READ TIME: 2 minutes
It’s no secret that attendees who are engaged at meetings retain information more effectively than those who aren’t. In addition, engaged attendees are much more likely to walk away from a meeting or event feeling like they gained something of value. However, it is increasingly difficult for meeting planners to create environments that foster engagement. Finding unique ways to get our attendees involved is the key to creating events that are exceptional and keep your clients coming back meeting after meeting.
Four Creative Ways to Create Engaging Meetings
The 8 X 8
The 8 X 8 format involves inviting eight speakers to make some sort of presentation, whether it’s sharing an experience or answering a question, in an eight-minute time period. The idea is that your attendees benefit from hearing from a number of different people in a short amount of time, allowing them to absorb and learn a lot in just over an hour. Short eight-minute presentations are perfect for combating the short attention spans that can make planning engaging sessions a challenge.
Learn Before You Go
Using a Learn Before You Go format can be incredibly useful for meetings that are covering a technical or scientific subject matter. In this format, attendees are asked to learn the specifics of the information before the meeting. Once the meeting begins, instead of dwelling on the details, the presenter can focus on engaging with the audience directly and having insightful conversations about the application of the subject matter.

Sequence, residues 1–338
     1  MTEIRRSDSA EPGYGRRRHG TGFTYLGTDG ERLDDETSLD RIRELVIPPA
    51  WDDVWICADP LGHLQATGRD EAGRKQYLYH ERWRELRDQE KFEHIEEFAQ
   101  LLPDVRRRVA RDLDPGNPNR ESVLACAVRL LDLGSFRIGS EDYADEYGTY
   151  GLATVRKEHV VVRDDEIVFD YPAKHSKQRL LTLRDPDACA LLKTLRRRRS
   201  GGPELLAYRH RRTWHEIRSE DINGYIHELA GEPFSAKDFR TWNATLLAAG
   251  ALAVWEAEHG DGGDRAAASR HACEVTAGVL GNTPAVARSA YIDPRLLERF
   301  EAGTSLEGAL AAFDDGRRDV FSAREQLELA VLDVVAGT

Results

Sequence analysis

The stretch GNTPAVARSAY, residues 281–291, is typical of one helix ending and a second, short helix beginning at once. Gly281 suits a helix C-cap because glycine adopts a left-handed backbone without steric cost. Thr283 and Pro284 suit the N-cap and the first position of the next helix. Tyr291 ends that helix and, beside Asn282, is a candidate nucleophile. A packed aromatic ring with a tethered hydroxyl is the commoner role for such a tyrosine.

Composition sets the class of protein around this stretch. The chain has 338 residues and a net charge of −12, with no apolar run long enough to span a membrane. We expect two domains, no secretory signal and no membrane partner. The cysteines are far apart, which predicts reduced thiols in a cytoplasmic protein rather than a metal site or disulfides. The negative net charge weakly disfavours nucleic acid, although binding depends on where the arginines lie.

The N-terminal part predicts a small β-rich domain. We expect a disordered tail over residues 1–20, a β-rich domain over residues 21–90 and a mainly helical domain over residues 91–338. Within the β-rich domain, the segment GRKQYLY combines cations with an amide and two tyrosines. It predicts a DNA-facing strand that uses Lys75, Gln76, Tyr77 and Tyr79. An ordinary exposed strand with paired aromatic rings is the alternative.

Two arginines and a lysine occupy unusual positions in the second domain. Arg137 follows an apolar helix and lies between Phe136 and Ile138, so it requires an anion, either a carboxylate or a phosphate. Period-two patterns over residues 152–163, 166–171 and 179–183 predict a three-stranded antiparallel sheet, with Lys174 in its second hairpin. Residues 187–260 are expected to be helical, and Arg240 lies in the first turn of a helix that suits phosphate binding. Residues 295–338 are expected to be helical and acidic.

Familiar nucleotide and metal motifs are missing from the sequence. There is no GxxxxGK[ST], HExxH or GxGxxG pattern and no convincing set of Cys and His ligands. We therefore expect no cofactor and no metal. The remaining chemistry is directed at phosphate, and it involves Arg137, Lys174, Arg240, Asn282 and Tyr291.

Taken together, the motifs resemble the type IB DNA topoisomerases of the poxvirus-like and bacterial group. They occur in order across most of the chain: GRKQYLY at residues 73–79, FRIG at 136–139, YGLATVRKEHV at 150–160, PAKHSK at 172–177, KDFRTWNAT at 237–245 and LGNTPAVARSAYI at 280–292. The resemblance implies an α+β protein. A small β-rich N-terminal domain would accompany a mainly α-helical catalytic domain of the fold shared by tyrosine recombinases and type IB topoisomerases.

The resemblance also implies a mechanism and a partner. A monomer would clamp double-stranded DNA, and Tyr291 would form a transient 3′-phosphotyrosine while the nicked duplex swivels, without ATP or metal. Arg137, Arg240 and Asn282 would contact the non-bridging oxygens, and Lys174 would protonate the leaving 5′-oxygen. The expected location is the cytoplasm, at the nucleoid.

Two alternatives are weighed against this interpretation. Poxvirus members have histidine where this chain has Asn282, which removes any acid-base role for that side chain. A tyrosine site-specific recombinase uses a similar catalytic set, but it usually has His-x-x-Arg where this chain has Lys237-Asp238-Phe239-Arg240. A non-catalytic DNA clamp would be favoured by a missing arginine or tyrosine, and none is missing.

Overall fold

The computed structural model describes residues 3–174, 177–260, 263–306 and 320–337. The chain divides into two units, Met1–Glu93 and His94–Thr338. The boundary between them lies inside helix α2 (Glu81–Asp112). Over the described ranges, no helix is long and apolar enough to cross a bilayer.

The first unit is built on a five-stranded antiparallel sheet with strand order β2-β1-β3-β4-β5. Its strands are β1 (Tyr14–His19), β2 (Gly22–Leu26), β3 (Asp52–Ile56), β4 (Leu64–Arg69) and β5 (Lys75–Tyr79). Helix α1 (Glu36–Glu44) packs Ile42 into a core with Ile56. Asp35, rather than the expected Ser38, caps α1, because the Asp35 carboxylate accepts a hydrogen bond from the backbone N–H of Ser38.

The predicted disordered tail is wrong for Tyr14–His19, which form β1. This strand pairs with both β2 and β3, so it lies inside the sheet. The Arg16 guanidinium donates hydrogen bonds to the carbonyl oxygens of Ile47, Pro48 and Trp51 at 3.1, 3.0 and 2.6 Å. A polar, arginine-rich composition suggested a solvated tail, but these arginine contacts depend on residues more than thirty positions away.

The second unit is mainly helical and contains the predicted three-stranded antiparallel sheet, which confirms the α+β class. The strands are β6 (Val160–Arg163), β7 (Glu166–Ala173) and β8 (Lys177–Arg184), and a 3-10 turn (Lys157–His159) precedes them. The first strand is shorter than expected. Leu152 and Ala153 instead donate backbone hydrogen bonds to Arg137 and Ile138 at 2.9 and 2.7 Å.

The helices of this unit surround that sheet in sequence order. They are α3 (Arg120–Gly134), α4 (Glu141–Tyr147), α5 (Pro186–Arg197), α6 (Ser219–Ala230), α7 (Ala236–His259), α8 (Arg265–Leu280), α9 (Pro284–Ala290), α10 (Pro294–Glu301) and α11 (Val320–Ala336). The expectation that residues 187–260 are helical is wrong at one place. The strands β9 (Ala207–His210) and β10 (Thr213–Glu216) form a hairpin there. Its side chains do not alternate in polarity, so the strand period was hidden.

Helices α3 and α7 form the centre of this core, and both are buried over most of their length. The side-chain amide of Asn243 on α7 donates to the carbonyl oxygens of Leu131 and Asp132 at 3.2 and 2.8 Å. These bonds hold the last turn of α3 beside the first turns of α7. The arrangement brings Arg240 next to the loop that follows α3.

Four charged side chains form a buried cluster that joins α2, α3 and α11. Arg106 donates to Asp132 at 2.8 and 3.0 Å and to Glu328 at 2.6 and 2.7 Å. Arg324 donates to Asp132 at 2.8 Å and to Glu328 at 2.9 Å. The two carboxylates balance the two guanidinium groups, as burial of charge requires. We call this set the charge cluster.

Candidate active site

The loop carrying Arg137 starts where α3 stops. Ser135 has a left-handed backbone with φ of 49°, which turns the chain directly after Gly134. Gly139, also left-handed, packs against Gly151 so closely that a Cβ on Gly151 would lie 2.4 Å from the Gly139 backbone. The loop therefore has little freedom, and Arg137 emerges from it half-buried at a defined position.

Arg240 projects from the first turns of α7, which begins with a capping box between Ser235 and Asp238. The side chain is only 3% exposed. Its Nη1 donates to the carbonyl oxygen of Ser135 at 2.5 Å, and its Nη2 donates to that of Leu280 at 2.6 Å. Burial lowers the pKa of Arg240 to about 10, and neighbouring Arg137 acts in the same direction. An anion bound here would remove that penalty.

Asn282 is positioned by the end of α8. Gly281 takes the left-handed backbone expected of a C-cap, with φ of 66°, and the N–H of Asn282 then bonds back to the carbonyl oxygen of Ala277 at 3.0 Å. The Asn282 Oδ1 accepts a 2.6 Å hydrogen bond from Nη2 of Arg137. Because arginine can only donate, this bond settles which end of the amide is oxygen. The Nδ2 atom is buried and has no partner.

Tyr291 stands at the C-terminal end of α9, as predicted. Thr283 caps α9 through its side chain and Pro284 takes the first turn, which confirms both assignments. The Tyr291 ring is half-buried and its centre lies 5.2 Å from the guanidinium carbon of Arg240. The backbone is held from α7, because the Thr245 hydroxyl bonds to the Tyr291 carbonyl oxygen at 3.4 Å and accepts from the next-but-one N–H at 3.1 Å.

The challenge with Learn Before You Go sessions, of course, is getting attendees to take the time to learn the information in advance. Offering some sort of incentive is a fantastic way to encourage attendees to do the necessary learning.
Another creative way to encourage attendees at a session to get involved is to hand out clickers, and ask your attendees to click when the speaker shares something they like or agree with or brings up a topic they want to know more about. Not only will this get attendees involved, it can also help the presenter know if they are on-target in terms of the subject matter they are presenting on. Just make sure to prep your speaker for this in advance!
This format will allow you to take advantage of the unique experience and professional expertise each one of your attendees brings to the event. Start by dividing your attendees up into groups of three, and designate two of the people in the group to be “consultants” and one to be the “client”. The client will explain an ongoing challenge they are having to the consultants. Then, the consultants will discuss the challenge and potential solutions with each other, while the client sits back and listens to their thought process and what they have to say. Once the exercise is complete, the roles switch and it starts over again.